National Report by Australia on Measures Taken to Support Implementation of the United Nations Convention to Combat Desertification
Commonwealth Intergovernmental Working Group for the UNCCD, April 2002
Domestic Initiatives to Combat Desertification (continued)
Legislative and Jurisdictional Arrangements
The Australian Constitution does not deal explicitly with environmental powers. Most responsibility for the environment rests with the State and Territory governments. The Intergovernmental Agreement on the Environment of 1992 coordinates the approach to environmental management by the three tiers of Australian government: federal, state and local.
At the Federal level, the Department of Agriculture Fisheries and Forestry - Australia and the Department of the Environment and Water Resources are the main agencies responsible for environment and natural resource management policy. The Federal Government has responsibility for environmental issues of national significance, national environmental reporting and the implementation of international treaties and obligations.
States and Territory governments are involved in the management of land and water use and environmental protection. While the severity and extent of environmental problems vary across jurisdictions, they generally have similar land management and environmental legislation and programs. The amount of land management and environmental legislation in each State and Territory is substantial, totalling some 300 individual Acts. All jurisdictions have legislation covering aspects of natural resource management, including land use planning, water quality and management, environmental protection, soil conservation and biodiversity conservation.
At the local and regional level, Local Government plays a key role in planning and management decisions, such as land-use zoning and tree preservation or clearing by-laws.
Coordination of environment and natural resource policies and decision-making within Australia is achieved in a number of ways. Ministerial Councils, which comprise Ministers from the relevant portfolios of the Federal, State and Territory Governments, play an important role. These Councils include:
- the Council of Australian Governments (COAG), composed of First Ministers from; Federal, State and Territory Governments and a representative of local governments;
- the Natural Resource Management Ministerial Council (a recently formed council that subsumed the Natural Resource Management issues from the Agriculture and Resource Management Council of Australia and New Zealand (ARMCANZ), the Australian and New Zealand Environment and Conservation Council (ANZECC) and the Ministerial Council on Forestry, Fisheries and Aquaculture (MCFFA));
- the Environment Protection and Heritage Council (a recently formed council that subsumed the National Environment Protection Council (NEPC), the non-NRM component of ANZECC and the Heritage Ministers' Meeting); and
- the Ministerial Council on Energy.
These councils are supported and coordinated through inter-governmental committees of officials.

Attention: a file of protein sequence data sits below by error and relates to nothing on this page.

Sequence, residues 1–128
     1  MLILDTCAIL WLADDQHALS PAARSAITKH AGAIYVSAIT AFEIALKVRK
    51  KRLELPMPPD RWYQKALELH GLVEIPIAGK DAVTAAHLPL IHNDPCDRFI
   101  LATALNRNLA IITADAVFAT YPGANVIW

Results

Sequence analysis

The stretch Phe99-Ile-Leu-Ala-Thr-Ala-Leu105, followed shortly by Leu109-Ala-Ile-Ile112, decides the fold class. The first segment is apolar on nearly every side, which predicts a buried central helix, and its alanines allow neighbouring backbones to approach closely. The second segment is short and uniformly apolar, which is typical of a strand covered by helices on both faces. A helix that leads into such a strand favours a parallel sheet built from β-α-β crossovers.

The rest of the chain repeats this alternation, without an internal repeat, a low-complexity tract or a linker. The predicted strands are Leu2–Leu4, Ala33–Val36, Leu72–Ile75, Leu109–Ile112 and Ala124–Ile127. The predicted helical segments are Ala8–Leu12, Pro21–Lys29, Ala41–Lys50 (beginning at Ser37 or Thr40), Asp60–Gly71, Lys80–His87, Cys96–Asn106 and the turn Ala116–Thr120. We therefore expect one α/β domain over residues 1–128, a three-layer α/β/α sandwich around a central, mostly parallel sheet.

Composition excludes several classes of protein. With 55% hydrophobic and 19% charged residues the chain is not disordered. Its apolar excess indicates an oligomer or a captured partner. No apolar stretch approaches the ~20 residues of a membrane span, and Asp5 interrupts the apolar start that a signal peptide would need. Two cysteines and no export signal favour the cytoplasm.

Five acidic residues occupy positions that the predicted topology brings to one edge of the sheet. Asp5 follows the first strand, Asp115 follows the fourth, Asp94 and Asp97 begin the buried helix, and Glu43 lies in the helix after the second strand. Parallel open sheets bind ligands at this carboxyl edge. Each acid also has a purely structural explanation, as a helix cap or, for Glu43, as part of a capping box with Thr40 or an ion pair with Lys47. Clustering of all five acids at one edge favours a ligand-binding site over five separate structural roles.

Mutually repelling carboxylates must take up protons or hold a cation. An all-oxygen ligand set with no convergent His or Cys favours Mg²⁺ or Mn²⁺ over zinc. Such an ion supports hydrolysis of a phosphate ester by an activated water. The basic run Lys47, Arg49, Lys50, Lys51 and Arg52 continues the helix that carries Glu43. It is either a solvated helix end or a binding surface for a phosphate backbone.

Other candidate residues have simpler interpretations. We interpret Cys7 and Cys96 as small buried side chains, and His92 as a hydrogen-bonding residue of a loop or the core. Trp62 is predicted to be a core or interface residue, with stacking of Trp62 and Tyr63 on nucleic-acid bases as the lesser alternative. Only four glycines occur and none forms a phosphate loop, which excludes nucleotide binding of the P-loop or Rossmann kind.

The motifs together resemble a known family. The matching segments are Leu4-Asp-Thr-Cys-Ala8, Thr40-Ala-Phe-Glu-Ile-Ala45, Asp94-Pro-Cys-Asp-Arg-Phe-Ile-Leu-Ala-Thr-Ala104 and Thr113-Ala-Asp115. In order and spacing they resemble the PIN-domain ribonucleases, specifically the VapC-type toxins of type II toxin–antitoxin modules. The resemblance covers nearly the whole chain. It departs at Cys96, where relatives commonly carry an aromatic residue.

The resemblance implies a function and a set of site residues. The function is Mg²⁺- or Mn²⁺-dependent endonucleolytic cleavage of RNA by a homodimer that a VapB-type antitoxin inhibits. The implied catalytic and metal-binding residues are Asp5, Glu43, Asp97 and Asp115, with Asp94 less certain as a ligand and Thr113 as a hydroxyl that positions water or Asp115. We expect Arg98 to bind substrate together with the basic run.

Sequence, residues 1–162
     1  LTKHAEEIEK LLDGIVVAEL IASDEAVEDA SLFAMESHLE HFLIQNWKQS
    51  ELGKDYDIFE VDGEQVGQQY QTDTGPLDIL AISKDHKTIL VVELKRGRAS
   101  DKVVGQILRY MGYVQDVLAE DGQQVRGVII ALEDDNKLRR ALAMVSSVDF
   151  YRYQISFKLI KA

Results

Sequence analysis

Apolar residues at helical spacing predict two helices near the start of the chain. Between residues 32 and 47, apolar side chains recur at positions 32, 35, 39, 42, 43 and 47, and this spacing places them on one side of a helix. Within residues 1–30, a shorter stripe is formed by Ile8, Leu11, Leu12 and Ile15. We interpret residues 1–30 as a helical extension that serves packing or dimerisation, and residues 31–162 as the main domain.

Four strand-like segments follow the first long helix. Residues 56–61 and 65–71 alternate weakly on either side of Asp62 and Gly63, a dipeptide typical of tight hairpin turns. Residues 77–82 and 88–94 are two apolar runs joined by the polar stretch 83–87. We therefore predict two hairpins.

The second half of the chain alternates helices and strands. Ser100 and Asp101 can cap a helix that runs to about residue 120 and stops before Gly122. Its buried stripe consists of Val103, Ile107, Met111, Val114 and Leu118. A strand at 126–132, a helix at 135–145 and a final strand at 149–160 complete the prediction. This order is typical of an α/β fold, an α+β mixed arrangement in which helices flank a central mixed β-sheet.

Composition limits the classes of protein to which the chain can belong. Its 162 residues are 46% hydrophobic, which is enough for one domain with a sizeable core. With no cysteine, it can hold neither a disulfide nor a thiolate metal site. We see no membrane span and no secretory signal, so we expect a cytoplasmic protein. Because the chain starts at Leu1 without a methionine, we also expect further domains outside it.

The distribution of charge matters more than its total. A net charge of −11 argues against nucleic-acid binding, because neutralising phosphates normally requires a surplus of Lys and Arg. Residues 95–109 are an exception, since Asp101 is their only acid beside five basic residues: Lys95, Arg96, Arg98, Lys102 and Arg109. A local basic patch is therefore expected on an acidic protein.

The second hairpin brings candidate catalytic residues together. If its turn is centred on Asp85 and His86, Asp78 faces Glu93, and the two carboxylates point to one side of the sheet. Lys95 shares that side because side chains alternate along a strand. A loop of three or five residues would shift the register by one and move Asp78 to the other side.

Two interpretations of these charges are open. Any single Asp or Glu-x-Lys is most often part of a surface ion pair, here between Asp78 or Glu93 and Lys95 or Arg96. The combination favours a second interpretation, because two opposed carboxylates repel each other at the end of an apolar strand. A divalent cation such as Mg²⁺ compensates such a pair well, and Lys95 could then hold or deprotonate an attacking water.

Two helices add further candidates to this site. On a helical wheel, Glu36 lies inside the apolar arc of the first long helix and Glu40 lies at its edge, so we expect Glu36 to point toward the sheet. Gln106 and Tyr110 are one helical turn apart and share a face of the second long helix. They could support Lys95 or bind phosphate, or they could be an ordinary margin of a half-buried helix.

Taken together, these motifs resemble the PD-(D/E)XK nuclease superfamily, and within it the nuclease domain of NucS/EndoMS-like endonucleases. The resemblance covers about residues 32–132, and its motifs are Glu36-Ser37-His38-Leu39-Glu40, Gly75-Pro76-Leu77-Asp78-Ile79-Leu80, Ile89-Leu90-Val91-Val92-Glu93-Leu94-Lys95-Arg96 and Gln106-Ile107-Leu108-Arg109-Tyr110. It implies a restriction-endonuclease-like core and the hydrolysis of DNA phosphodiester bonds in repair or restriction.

Australia is facing natural resource degradation through increasing salinity, deteriorating water quality and loss of biodiversity. These have direct and indirect impacts on agricultural production, towns and infrastructure and the viability of Australia's regional communities.
The Commonwealth and State and Territory Governments, in partnership with regional communities, are implementing two initiatives, the Natural Heritage Trust and the National Action Plan for Salinity and Water Quality, to tackle natural resource management (NRM) problems. Under these programs, Governments will invest in priority actions under agreed natural resource management plans developed for Australia's catchments and regions.
Regional communities will establish targets as part of their plans, based on an assessment of the current state of the natural resources, and the outcomes we are seeking.
NRM regional targets are tools to:
- help communities set strategic regional objectives for their on-ground activities;
- focus action on priority issues and locations; and
- measure the success of efforts made though joint government and community investment.
Regional targets will set out a particular actions or outcome to be achieved by a specific date. Long-term targets will establish the resource condition outcome a region believes it can achieve within say 10-20 years, for example, changes to groundwater levels; stream salinity and vegetation cover. Short-term targets will identify the steps that will contribute to achieving the long-term targets, and focus largely on management actions or capacity-building, for example, the length of riparian zone protected; percentage of farms with whole farm plans in place; or area of revegetation.
The Commonwealth and State / Territory Governments will invest in the implementation of accredited regional plans, including the achievement of regional targets. Program investment will support both on-ground action, and also capacity building, including the development of skills, knowledge and information required for regions and individuals to respond effectively to the new challenges posed by integrated planning and target setting.
Agreed regional targets will help align activities at the local regional, state / territory and national levels, so that effort is more strategic and effective.